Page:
The Comedy Thief

Review: ‘Identity Thief’ fails to enter pantheon of buddy comedies


Identity Thief is desperate to be a classic awkward-buddy road-trip comedy in which a heavy, awkward, larger-than-life figure pairs up with a skinny straight man.

Chris Farley and David Spade made a much-loved pair of such films (Black Sheep and Tommy Boy), but the genre’s reigning champ is John Candy, Steve Martin, and writer-director John Hughes’ Planes, Trains, and Automobiles. Jason Bateman and Melissa McCarthy, the stars of Identity Thief, are at no risk of dethroning any of these comedy teams. Their picture is unlikely to enter the pantheon of buddy comedies.

Bateman reprises the persona he assumed in 2003 when the cult sitcom “Arrested Developmentdebuted on Fox. He plays Sandy Patterson, a put-upon executive who plays by the rules, squirrels away a nut or two each paycheck, and is treated remarkably poorly by his firm’s boorish partners. He jumps at the chance to join a breakaway group of junior executives who will pay, and treat, him better than his current employers.

There is a hitch, however. It turns out that Sandy is wanted for skipping a court date in Florida, his credit cards have been mysteriously maxed out, and he is the prime suspect in a drug-and-guns investigation.

McCarthy’s Diana, a lonely woman up to no good in the Sunshine State, has stolen Sandy’s identity. He must transport Diana from Florida to Denver by car and avoid not only a maniacal bounty hunter but also a pair of gangsters in order to clear his name, start his job, and receive his reward.

McCarthy plays the role like a female Chris Farley would do. She is physical and awkward and willing to throw herself around for a laugh and brashly stumble her way from Point A to Point B.

Unfortunately, the script spoils what could have been a winning turn from McCarthy. It is hard to dredge up any sympathy for Diana, especially during the film’s first 90 minutes. She’s a horrible little troll. She’s a deeply amoral, borderline sociopathic career criminal. She does not care that she is ruining the life of a man with two small children. She’s not an amusing sprite. She’s a disgusting warthog.

Identity Thief fails in the film’s early going by making Diana so deeply unlikable. Farley and Candy may have brought the same kind of brassy arrogance to their characters, but the characters themselves were goodhearted. They were boorish, certainly, but they were also trying to do the right thing.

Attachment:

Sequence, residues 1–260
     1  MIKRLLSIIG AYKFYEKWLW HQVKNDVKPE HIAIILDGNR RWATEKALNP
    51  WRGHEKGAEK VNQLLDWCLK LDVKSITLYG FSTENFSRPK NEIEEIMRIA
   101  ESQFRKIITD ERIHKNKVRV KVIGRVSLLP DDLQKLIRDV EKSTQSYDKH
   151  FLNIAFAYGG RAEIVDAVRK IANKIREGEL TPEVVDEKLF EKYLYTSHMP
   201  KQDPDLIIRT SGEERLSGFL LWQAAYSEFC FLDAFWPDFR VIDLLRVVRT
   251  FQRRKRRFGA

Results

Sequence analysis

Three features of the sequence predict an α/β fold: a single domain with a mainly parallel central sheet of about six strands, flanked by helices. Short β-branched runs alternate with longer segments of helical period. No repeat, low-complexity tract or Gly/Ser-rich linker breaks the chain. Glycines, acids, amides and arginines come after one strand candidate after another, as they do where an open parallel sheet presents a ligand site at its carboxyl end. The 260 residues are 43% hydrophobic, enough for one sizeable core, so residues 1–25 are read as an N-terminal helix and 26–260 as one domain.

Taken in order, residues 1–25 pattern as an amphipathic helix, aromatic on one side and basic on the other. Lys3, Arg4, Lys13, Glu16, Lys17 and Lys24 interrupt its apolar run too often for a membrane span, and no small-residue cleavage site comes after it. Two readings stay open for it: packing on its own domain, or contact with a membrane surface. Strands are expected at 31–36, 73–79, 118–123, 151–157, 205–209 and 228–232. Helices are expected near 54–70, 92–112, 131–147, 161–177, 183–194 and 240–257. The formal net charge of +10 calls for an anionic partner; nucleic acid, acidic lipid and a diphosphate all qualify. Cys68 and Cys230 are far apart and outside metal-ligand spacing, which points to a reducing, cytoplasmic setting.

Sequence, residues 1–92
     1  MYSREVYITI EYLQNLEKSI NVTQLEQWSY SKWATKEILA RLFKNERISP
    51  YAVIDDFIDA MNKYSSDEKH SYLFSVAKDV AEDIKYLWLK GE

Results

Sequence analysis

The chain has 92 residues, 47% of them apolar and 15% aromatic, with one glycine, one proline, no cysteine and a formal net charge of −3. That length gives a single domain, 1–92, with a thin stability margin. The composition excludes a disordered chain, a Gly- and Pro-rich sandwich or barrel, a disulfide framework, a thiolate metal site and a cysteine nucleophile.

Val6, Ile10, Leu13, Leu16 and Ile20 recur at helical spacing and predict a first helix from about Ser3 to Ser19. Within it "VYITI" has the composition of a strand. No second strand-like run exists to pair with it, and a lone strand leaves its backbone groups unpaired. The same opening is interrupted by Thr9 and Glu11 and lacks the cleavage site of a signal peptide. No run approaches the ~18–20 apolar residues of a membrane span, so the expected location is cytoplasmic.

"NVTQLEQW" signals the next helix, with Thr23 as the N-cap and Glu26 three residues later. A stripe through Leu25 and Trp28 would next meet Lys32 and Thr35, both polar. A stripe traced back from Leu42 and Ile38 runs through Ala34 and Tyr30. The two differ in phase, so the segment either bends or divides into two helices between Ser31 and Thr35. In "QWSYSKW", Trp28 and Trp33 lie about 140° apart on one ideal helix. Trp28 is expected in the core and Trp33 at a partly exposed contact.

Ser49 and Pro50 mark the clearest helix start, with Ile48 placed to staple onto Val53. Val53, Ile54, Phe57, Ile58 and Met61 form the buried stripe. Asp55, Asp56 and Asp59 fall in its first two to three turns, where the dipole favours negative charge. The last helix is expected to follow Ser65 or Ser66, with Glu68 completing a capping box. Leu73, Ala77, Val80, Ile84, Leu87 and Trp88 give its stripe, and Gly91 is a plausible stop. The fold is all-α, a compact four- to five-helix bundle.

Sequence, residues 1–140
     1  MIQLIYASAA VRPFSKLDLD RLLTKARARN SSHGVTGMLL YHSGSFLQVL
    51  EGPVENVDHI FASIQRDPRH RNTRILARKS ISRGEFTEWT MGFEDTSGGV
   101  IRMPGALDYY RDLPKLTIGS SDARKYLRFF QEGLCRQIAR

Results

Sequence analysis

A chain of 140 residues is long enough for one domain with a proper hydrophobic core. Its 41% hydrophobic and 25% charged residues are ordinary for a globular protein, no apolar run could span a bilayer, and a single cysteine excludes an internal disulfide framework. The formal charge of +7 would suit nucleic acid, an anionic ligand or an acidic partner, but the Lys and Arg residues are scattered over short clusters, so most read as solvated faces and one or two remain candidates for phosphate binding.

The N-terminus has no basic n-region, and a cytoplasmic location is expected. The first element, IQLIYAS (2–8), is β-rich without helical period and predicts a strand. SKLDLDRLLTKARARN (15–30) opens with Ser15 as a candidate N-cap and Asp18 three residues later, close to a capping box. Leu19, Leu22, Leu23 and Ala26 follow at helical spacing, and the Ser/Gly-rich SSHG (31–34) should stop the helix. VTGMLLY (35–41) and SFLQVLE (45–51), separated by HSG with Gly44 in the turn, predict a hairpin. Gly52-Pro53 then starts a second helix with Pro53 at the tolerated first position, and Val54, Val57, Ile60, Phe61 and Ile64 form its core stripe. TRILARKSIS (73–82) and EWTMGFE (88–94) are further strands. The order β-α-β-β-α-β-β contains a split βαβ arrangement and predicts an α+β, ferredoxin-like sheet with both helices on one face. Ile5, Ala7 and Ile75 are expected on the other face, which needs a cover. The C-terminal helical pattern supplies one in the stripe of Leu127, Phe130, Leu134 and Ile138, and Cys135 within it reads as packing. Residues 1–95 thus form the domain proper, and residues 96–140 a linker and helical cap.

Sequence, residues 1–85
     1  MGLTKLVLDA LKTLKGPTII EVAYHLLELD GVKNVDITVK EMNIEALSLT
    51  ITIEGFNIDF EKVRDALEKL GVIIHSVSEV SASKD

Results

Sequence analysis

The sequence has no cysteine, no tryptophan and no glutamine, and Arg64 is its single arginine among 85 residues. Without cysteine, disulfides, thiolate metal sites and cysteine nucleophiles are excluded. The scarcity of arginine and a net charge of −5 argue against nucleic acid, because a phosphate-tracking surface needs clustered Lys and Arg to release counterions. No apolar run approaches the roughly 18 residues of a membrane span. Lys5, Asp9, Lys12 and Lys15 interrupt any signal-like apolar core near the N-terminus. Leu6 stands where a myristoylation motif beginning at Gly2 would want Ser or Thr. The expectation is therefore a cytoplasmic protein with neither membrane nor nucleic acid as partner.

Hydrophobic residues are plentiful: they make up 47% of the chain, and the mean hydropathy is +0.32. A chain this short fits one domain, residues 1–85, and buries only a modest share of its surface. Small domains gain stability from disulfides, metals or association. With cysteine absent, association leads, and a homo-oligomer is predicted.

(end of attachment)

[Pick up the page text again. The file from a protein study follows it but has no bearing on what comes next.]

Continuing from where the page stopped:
The knucklehead heir Farley played in Tommy Boy may be a goof, but he also clearly loves the town he is trying to save. Similarly, in Planes, Trains, and Automobiles, Candy’s shower-curtain-ring salesman is awkward and gross, and he puts Steve Martin’s character in a number of difficult spots, but he doesn’t do so out of spite or malice. He’s just trying to help.

Director Seth Gordon and writer Craig Mazin make things worse when they try to foster sympathy for Diana by blaming her faults on society. The audience is informed that she wasn’t loved enough as a child. She seems to think that hoarding material possessions will fill the hole in her soul.

Give me a break.

Though occasionally funny and filled with amusing bit-performances—Robert Patrick’s bounty hunter is good for several hearty laughs, as is “Modern Family’s” Eric Stonestreet as Diana’s truck stop paramour—Identity Thief’s deeply unlikable co-protagonist stops this would-be buddy comedy in its tracks.

Sonny Bunch   Email Sonny | Full Bio | RSS
Sonny Bunch is executive editor of the Washington Free Beacon. Prior to joining the Beacon, he served as a staff writer at the Washington Times, an assistant editor at The Weekly Standard, and an editorial assistant at Roll Call. He has also worked at the public relations and nonprofit management firm Berman and Company. Sonny’s work has appeared in the above outlets, the Wall Street Journal, Commentary, National Review, the New Atlantis, Policy Review, and elsewhere. A 2004 graduate of the University of Virginia, Sonny lives in Washington, D.C. His Twitter handle is @SonnyBunch.